COS 84-3
A Lotka-Volterra theory of predation-competition Interactions in variable environments

Wednesday, August 12, 2015: 2:10 PM
323, Baltimore Convention Center
Lina LI, Ecology & Evolutionary Biology, University of Arizona, Tucson, AZ
Peter Chesson, Ecology and Evolutionary Biology, University of Arizona, Tucson, AZ

Recent theory on the interaction between predation and competition has shown many possibilities for the effects of predation on species coexistence. Predation can promote coexistence if it strengthens intraspecific apparent competition relative to interspecific apparent competition, but can undermine coexistence if reduces the overall magnitude of competition for species that partition resources. For temporal partitioning via the storage effect, previous work has shown that the timescales for resource consumption compared with environmental change are critical to coexistence, and that coexistence due to temporal predator niches cannot occur unless predators respond very rapidly to changes in prey abundance. Potential effects of a predator are enormous accounting for diverse predator behaviors, and life-histories, ranging from “predators” as diseases to predators as large long-lived species. In an attempt to bring order to the range of possibilities and so produce a predictive theory, we developed a general modified Lotka-Volterra framework with three trophic levels in a variable environment and asked about coexistence of species in the middle trophic level.  This framework allowed a variety of life-histories to be investigated, with a variety of timescales for resource consumption by the middle trophic level, and predation on that trophic level.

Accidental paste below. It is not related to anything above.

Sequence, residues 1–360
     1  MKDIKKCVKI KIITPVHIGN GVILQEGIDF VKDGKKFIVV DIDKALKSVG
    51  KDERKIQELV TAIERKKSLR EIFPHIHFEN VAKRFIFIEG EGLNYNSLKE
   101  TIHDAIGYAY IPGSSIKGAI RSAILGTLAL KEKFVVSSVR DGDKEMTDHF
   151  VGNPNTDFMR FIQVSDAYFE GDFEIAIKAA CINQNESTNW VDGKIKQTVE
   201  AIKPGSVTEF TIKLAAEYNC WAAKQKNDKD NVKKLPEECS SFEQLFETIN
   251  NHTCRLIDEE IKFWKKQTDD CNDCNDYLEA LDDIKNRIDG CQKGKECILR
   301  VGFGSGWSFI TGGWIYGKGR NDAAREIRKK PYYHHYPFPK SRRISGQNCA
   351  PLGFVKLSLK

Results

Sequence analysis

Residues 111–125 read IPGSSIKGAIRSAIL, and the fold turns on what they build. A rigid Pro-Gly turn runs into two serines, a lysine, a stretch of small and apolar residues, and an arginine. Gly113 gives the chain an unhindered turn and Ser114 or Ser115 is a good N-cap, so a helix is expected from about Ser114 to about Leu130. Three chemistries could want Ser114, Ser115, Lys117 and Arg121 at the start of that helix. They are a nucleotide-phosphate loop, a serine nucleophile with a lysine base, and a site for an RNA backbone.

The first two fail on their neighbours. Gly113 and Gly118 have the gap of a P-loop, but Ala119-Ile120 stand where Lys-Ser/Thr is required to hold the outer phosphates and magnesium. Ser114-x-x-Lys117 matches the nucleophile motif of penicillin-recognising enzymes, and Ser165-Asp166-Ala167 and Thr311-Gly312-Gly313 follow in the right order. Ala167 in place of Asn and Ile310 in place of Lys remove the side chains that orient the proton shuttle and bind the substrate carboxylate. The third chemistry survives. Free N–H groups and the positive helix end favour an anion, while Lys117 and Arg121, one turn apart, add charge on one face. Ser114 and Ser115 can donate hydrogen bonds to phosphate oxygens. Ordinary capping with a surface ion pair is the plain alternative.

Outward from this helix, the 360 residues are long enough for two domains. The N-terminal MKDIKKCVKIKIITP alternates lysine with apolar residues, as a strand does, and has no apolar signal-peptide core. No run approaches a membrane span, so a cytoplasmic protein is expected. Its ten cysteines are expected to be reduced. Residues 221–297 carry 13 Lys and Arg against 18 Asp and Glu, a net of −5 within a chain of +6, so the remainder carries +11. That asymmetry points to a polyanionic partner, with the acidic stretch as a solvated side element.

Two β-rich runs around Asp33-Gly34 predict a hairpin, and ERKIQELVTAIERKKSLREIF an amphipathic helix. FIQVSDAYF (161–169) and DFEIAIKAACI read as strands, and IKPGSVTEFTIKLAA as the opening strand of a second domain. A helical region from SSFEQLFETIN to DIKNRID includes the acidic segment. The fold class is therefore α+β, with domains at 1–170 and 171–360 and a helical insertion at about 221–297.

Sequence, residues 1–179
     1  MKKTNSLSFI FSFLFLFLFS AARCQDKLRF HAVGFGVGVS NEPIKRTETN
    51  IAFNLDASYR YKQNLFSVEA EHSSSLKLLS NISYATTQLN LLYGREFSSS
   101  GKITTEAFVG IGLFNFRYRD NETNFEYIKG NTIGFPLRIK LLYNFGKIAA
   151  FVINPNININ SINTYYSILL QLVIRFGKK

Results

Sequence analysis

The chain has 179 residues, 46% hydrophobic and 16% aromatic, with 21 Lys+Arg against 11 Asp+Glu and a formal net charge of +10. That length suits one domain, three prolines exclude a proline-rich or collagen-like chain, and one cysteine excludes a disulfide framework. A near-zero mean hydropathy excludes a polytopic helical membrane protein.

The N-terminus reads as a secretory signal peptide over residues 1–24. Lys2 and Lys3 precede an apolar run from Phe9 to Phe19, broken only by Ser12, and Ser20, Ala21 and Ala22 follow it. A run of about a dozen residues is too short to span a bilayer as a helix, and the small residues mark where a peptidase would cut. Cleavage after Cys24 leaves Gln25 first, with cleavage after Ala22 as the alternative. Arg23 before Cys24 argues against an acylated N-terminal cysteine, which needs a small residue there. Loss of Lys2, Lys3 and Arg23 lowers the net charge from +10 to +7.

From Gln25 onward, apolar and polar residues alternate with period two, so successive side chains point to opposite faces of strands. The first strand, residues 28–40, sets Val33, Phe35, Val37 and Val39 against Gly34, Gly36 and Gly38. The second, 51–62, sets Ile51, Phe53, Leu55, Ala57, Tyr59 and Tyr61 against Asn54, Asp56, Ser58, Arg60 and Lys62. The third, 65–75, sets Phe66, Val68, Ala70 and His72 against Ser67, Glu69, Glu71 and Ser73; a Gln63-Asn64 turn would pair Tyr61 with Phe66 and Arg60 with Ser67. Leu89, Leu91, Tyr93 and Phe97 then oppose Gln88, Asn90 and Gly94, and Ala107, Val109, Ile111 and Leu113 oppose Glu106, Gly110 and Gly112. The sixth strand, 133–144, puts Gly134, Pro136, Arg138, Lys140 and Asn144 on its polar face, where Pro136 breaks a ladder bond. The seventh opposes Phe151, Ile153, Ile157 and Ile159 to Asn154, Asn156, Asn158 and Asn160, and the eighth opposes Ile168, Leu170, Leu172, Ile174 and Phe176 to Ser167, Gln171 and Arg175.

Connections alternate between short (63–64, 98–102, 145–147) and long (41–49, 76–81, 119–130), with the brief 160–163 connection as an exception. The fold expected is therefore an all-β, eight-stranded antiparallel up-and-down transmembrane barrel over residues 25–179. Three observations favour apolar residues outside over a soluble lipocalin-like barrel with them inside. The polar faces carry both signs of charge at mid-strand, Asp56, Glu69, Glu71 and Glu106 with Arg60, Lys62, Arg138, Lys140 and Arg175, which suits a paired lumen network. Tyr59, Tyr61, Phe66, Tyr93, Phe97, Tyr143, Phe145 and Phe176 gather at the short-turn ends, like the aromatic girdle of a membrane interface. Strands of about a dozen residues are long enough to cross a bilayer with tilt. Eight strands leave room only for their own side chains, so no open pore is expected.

We found several different ways in which predation undermines coexistence of species temporally partitioning resources. These ways include, as has been previously shown, reduction in prey densities and hence the overall magnitude of competition, and also by reducing the effective temporal variation of resource consumption. This latter possibility occurs when predators focus on newly produced prey biomass. However, these outcomes need not occur if predator life-histories allow rapid increases in population size, creating strong apparent competition. In that case, apparent competition is temporally partitioned and promotes coexistence. In addition, a predator can promote coexistence if it has seasonal activity patterns not directly dependent on new production by the prey. As expected, timescales for environmental change compared with timescales for the dynamics of the various species are critically important. In general coexistence is promoted by rapid population dynamics relative to environmental change. Using unique methods of quantifying species coexistence, we show that the diversity of outcomes can be understood within a general predictive framework.